Do-Nothing Sourdough Bread

Inspired by a technique that originated with European baker Yohan Ferrant, this is as close to hands-free as you get with sourdough. While you can absolutely use fed starter as the base, it's not imperative; the wonderfully crusty, chewy, flavorful bread is a great use for starter you might otherwise discard during its regular feeding. We hope you enjoy making this bread as much as we do!

10 mins
30 to 35 mins
15 hrs 55 mins
1 large loaf
Do-Nothing Sourdough Bread


Prevent your screen from going dark as you follow along.
  1.  Weigh your flours; or measure them by scooping them into a cup and sweeping off any excess.

  2. Mix together all the ingredients in a 2-quart dough-rising bucket (or other transparent straight-sided container that’s at least 2 quarts in size) until all the flour is incorporated into a very wet, sticky dough. Cover the dough and set it aside in a cool place (68°F to 70°F is ideal) for 14 to 24 hours, until the dough has doubled and the top surface is bubbly and just slightly domed. If your container isn't marked, it’s handy to use tape to mark where the dough starts so that you can easily tell when it's doubled. The rise time will vary depending on how cool or warm your kitchen is. At 70°F, the dough should double in about 16 hours.

  3. Once the dough has risen, place a baking stone in the middle of the oven and a shallow (but rimmed) oven-safe pan in the bottom. Preheat the oven to 475°F.

  4. Turn the dough out onto a floured work surface. Lift up the quarter of the dough farthest away from you, and fold it into the center. Repeat this stretching and folding with the quarter of dough nearest you, then the left and right sides, in that order. Form the dough into a ball.

  5. Let the dough rest, seam side up, for 10 minutes on the floured surface. You don’t need to cover it.

  6. Take a small handful of flour and generously dust a brotform (lined for best release) or a towel-lined bowl.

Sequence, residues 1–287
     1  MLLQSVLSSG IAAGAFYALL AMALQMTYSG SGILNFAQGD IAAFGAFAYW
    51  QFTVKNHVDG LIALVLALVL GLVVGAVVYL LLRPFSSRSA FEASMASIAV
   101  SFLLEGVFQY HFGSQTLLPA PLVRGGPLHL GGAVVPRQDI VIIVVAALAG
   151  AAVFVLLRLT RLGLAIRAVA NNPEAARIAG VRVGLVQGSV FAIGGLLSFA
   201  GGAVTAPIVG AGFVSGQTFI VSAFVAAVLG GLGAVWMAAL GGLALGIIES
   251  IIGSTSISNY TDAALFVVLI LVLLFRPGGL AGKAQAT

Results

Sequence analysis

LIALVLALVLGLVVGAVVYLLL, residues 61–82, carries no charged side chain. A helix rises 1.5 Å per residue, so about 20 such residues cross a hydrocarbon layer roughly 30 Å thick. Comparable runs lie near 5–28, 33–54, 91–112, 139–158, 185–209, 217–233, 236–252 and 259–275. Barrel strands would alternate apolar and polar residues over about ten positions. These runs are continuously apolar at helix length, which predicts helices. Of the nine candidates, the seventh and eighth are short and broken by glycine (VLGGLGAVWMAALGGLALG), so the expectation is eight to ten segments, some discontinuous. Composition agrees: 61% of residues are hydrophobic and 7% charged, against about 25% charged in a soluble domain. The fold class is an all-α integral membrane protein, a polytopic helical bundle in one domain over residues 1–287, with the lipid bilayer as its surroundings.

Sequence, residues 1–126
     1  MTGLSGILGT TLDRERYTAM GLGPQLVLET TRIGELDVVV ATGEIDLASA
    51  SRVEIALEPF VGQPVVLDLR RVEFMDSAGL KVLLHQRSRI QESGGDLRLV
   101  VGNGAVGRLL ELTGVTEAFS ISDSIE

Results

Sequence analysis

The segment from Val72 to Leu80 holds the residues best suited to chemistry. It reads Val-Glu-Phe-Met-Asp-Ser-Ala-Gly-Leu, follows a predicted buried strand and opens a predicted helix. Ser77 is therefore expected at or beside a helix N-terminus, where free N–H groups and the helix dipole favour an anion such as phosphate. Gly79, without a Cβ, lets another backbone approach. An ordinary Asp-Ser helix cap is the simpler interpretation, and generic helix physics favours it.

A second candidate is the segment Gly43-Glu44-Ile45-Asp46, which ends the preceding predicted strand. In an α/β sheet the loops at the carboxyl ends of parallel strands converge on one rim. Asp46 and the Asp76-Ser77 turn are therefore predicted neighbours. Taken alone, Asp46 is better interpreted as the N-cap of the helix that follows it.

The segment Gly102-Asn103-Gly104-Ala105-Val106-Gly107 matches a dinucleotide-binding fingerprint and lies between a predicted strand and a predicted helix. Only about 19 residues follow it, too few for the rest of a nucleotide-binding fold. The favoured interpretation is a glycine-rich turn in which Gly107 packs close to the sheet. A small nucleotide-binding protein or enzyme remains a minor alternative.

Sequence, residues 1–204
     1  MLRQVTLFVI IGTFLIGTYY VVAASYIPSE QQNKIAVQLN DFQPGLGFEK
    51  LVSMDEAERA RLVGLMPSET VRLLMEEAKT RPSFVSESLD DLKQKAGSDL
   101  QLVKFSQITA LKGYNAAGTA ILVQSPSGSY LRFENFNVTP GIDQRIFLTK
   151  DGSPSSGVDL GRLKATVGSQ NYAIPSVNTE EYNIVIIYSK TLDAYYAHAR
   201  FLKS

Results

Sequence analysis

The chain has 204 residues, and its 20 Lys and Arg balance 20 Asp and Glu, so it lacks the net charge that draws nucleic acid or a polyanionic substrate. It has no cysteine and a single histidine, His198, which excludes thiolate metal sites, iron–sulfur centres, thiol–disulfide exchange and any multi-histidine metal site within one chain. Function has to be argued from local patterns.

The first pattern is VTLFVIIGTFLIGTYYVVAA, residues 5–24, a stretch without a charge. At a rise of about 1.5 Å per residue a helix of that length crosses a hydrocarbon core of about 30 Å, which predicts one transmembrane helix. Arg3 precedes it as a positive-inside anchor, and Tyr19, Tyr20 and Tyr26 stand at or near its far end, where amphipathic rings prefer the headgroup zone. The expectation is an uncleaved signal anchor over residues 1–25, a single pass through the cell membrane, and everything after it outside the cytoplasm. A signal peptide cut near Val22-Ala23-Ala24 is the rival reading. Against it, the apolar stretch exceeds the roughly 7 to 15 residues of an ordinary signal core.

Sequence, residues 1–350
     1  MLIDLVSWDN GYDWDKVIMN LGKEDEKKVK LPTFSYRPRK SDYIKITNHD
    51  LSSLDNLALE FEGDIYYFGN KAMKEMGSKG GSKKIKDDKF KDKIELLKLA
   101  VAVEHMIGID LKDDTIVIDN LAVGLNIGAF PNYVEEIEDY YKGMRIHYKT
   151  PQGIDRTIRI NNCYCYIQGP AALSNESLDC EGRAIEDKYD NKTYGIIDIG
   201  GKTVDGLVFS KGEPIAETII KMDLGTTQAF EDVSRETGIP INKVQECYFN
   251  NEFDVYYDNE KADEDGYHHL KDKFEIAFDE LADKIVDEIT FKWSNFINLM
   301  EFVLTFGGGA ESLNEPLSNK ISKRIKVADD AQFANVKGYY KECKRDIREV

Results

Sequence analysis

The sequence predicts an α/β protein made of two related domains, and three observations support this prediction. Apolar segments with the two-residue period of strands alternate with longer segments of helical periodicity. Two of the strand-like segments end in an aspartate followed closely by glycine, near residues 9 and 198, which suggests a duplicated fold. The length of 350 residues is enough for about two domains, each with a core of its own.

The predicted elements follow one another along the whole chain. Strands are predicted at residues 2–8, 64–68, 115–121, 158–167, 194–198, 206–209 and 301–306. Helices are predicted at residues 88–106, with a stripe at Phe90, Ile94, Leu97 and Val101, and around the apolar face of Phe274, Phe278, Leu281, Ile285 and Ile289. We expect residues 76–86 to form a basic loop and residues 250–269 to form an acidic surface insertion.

7. Form the dough into an even tighter ball by stretching and folding the four quarters into the center again, then turning the dough over and rolling it gently between your lightly floured hands and a clean (unfloured) work surface.

  8. Place the dough seam side up into the prepared brotform (or bowl); leave it uncovered. Let the dough rest until you see tiny bubbles on the surface. This should happen fairly quickly (within 30 to 60 minutes), depending on how warm or cool your kitchen is.

  9. Turn the dough out onto a piece of parchment or a semolina- or cornmeal-dusted baking peel. Have a cup of water at the ready.

  10. Slash the loaf several times, then transfer the bread to the hot stone. Wearing oven mitts, pour the cup of water into the hot pan beneath the stone and immediately close the oven door.

  11. Bake the bread for 30 to 35 minutes, until it’s dark brown in color and a digital thermometer inserted into the center reads 207°F.

  12. Remove the bread from the oven and transfer it to a rack to cool completely.

  13. Store bread, loosely wrapped, at room temperature for several days; freeze for longer storage.

Tips from our Bakers

  • The beauty of this recipe is that it can work with either discard from a well-maintained, healthy starter; or ripe (fed) sourdough starter. You can even use refrigerated starter that's been neglected for weeks (or even months), though you'll probably have to give the dough a full 24 hours to ferment after you've mixed it. (You'll also want to include a series or two of stretching and folding the dough during that period to develop more structure.) Otherwise, we think this loaf is the perfect excuse to keep your starter fed and refreshed on a weekly basis. Simply scoop out a tablespoon (15g) of starter to use in your bread, then feed the remainder as you normally would. That's one less tablespoon of starter to the compost!

  • The maximum temperature rating for most parchment paper is below 500°F, and at temperatures between 450°F and 500°F parchment’s exposed edges begin to char. To be safe, keep a close eye on anything being cooked at temperatures above 450°F (especially anything on an upper rack). Burned edges can also be minimized by trimming away excess parchment before baking.